Here are some fun free things you can do to entertain your kids AND have fun at the same time! Get ready to make a mess—we will be posting short videos of our experiments online during the summer. Post yours and tag us!
This fun take on the classic science-fair exploding volcano is a creative way for kids to get out all of that pent-up summer energy. In this experiment, we’ll add a bit more explosion to the mess…and what kid won’t love that? Be sure to do this experiment somewhere that can be cleaned up easily—or, even better, do the experiment outside where no cleanup is required! Read the instructions here.
This is a great experiment to do indoors when it is too hot or rainy outside. It’s a simple activity that can be done with household items and will show kids how freezing water affects ice in an almost magical way. This project is an easy way to drum up some learning and fun this summer! Read the instructions here.
What kid doesn’t love a big mess? This activity is a fun way to learn about chemical reactions while having a blast. This is a fairly simple experiment that requires just a few items and some adult supervision! If you happen to have a black light laying around it can be even more fun! Kids will see different eruptions depending on what colors and combinations are used. Making a Glowing Volcano could be a fun evening activity but will be just a beautiful in the daylight! Read the instructions here.
Rainbow Bubble Snakes
This is a great activity, especially for the young ones! Building the bubble blower teaches kids about recycling and using household items to learn. This can lead to a whole afternoon of messy outdoor fun with the whole family. Add this experiment to a day of running through the sprinklers, and the kids will love it! Read the instructions here.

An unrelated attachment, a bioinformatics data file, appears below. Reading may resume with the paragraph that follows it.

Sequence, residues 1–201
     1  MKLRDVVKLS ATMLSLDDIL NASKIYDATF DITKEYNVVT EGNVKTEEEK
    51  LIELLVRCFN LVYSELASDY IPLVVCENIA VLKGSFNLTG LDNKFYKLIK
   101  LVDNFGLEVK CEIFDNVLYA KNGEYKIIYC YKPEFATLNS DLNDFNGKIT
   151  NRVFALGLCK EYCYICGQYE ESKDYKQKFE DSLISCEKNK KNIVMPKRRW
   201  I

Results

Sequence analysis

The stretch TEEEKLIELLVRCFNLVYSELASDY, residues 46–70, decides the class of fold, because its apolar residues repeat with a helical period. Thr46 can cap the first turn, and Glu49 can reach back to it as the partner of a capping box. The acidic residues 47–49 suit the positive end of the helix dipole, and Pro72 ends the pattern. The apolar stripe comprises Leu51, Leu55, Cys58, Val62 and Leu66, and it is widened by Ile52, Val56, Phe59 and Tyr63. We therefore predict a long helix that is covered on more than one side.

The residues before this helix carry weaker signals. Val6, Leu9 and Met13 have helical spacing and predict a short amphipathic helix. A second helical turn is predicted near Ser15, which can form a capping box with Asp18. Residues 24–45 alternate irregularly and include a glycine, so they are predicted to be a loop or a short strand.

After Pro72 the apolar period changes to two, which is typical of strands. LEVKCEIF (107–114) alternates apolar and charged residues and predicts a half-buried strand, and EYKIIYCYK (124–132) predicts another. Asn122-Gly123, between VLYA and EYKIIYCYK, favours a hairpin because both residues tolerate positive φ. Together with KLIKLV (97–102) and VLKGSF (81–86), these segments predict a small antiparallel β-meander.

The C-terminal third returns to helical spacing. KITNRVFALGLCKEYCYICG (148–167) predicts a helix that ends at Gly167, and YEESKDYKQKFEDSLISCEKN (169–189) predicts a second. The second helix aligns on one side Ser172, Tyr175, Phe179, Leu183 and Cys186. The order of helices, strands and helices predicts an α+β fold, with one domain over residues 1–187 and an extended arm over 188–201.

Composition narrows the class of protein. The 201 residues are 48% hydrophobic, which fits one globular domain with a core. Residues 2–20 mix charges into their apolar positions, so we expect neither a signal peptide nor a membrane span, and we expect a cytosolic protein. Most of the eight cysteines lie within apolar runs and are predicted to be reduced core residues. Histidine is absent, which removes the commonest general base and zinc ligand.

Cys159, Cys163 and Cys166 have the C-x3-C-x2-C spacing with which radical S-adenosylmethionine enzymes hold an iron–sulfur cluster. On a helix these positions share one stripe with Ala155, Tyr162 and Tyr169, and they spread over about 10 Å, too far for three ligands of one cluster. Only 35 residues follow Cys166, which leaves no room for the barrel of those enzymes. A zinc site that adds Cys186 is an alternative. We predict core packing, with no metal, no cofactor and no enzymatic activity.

Pop Rock Balloons
While Pop Rocks are already loads of fun by themselves, this experiment will add in a little bit of science to go along with the fun! Adding the candy into soda shows kids how carbon dioxide causes the balloon to inflate. This activity is a fun way to explore science without making a big mess or needing too many supplies! Read the instructions here.
Hands-on activities are some of the best ways to ignite an interest in science for all kids. This science experiment is stimulating and exciting for both parents and children! Lemon suds are not only a learning activity but also a sensory one, which is a wonderful way to get the little ones engaged. Parents will love this...at the end of the experiment, you’ll have an all-natural cleaner! Read the instructions here.
The rock test is a way to explore the properties and hardness of different rocks. This project is a sure-fire way to get your kids thinking about all kinds of science. Sparking curiosity is the best way to keep children interested in science! Using rocks found around the neighborhood and some simple household items can lead to a whole day of learning and exploring! Read the instructions here.
Beach Density Jar
Who doesn’t love a nice beach day in the summertime? This project brings the beach home to your kids! You’ll see an ocean floor, water, sky, and clouds, all while learning about density. Density is a very interesting subject that most kids don’t know very much about, so this is a creative way to learn and explore. Read the instructions here.
Edible Rock Cycle
It can be hard for kids to differentiate between the three types of rocks, but this experiment will help kids learn. This is a very hands-on project, so kids will stay engaged and entertained the whole time! While this experiment does take some adult help, grown-ups and kids alike will have fun. Plus, the kids will have a nice sugary treat at the end of the activity! Read the instructions here.
Engineering an Egg Drop
Creativity and science are brought together in this fun backyard activity. This project will get kids to think independently and explore their imagination! They can work on their problem-solving skills while they work towards a goal—keeping the egg intact! Kids will love using their toys and other items they find around the house to complete this challenge! Read the instructions here.
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Thanks so much!
—Sarah and Off-Kilta Matilda™